What the heck, you ask, is she talking about?

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2012 BMW X3: Not Enough Juice?

June 08, 2012

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My co-worker Carroll sent me a couple links (here and here) to some forum chatter about the new X3's battery. Specifically, some owners are finding that their X3s' batteries are becoming drained or severely discharged when the vehicle's not in constant use.

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2012 BMW X3: At the Wedding of the Century

July 24, 2012

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Like most of the long-term test fleet, the BMW X3 found its way last weekend to the Wedding of the Century. And it did great doing it.

No complaints about the package, because the upright passenger seating keeps everybody from getting wrinkled, and apparently this is really important since you're wearing stuff that not only hasn't been worn in this company before but also something that isn't even entirely familiar to said company. Or so I'm told, as apparently my otherwise extensive experience has so far left me unfamiliar with these rules of wedding behavior.

But really, the thing I noticed is that the BMW X3 didn't look dowdy in the parking lot like some boring old BMW sedan, which is something that is worn everywhere and is entirely too familiar.

Every time I see our BMW X3, it seems both fresh and striking. Every time I see a post-Bangle BMW sedan, it looks like another piece of sausage from the same sausage from which BMW makes all its sedans these days. It's as if the challenges of sports-utility package bring out the best in the BMW designers, while the sedan package has so much brand baggage that it can't move forward.

When you're in the company of the BMW X3, you feel pretty snappy and fashion forward. Everything else looks as dowdy as Queen Elizabeth II.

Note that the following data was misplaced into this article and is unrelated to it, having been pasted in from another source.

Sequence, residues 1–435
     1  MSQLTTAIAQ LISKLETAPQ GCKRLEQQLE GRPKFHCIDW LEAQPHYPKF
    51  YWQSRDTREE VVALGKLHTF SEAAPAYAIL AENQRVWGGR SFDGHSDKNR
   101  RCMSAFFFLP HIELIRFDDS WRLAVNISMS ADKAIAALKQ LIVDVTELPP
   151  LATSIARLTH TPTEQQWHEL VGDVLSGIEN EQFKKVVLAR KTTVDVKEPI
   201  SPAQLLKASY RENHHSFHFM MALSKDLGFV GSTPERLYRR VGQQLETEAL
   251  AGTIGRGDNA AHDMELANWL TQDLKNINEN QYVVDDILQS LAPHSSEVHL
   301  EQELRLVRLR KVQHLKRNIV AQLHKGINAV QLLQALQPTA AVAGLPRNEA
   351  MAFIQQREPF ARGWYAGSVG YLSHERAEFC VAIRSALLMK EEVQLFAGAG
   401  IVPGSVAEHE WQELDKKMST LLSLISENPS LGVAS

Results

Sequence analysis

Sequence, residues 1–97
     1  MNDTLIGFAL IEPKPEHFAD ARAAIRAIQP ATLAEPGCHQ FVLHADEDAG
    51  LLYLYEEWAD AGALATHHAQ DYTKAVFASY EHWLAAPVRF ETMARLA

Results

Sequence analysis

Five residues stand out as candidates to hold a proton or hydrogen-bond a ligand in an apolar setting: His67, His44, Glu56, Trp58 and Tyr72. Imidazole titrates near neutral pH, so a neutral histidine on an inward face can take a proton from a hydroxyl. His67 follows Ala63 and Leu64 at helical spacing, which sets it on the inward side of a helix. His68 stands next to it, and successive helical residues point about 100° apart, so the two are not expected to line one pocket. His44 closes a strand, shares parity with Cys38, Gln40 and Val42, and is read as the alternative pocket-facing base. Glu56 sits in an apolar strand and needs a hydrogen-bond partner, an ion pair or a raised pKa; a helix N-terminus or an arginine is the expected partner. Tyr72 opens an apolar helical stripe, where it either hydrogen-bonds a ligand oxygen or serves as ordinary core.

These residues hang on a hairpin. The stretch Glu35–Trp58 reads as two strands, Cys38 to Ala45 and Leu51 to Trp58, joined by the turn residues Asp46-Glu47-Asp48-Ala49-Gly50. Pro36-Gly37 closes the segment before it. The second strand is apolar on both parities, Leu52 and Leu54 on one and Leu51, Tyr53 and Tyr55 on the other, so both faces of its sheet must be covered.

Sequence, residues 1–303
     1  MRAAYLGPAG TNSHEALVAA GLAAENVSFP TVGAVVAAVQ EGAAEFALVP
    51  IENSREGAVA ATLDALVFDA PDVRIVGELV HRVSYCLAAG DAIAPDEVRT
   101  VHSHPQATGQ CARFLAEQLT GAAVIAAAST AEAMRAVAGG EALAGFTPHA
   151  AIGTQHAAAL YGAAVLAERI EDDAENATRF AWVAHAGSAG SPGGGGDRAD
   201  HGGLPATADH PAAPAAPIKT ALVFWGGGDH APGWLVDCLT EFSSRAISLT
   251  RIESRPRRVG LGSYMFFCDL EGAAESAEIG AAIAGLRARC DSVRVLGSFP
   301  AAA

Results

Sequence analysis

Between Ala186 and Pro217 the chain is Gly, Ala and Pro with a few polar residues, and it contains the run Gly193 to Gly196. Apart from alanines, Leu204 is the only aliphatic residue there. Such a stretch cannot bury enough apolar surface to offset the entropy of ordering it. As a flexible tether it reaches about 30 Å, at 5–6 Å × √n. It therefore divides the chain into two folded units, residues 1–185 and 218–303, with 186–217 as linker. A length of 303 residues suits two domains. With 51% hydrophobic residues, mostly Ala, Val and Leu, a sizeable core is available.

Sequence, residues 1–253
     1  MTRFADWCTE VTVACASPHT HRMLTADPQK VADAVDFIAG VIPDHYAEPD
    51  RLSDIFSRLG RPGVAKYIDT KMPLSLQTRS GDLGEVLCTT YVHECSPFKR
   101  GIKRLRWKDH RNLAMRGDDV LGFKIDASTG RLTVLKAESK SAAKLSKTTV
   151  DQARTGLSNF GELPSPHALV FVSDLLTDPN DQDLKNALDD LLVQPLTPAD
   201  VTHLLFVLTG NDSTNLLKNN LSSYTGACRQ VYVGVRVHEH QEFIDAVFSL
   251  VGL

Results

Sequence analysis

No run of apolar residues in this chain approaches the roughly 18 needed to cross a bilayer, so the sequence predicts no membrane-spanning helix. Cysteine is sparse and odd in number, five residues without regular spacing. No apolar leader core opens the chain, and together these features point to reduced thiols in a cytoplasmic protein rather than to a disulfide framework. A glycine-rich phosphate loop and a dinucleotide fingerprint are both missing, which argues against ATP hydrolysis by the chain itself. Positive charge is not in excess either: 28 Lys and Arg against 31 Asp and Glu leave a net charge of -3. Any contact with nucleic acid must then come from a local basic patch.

It's no wonder that our Erin Riches took the BMW X3 away from us for her post-wedding road trip with her new husband Loren.

Michael Jordan, Executive Editor, Edmunds.com @ 11,154 miles

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2012 BMW X3: Ramp Travel Index

February 04, 2012

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Our 2012 BMW X3 is eligible for the RTI ramp treatment because it is equipped with AWD and is SUV-shaped. If that's not enough acronyms for you, get a job with the DOD (Department of Defense). When I worked there some years ago I had access to a government/military acronym dictionary that was 3 inches think, containing many 3-layer nested sub-acronyms and initialisms. And yes, "fubar" was in there. Not sure about "RTFM." Had to be, right?

But I digress.

This photo above depicts the upper limit reached by our 2012 X3. The lower valance cleared easily at the bottom but as the suspension compressed it came into very slight contact with the cheese grater that is out ramp's traction surface. No little plastic shavings were produced, however.

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2012 BMW X3: Long Day in the Desert

February 27, 2012

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This is one of the better and more established roads our 2012 BMW X3 traversed this past Saturday.

As some of you know, one of my hobbies is a geeky GPS-based activity called geocaching. A group of eleven of us piled into three vehicles and headed out into the undeveloped triangle of open desert between highway 395, highway 58 and Interstate 15 for a day of short hikes split up by miles and miles of driving on faint tracks that barely register on aerial photographs and satellite images. Our plan was to visit 300 caches.

Along the way we encountered sand, rocks, and the three w's of the desert: washboard, washouts and whoop-de-doos. But at least this area's very sparse rainfall and a tendency for high winds keeps the size of the plants in this area down to where the paint wasn't at much risk -- if I was careful.

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2012 BMW X3: Excuse for Pretty Pictures

August 08, 2012

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The weather has been really hot and unpleasant here this week. But it makes for great sunsets.

And now for my beat-a-dead-horse A/C review. I wish the air conditioner in the BMW X3 was stronger and quicker acting. It's been the same in most recent BMWs we've had come through here. It just doesn't blast in your face the way most Americans want it to. Well, at least the way this American wants it to. Yes, it cools off the car...eventually. But not quick enough for my hot blood. I can't stand the heat and I like instant gratification.

This is one area where our domestic automakers will always win in my book. We know how to make a strong, cold, Arctic-blast A/C.

And now more pretty pictures.

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2012 BMW X3: You Stay Here While I Go Over There

February 23, 2012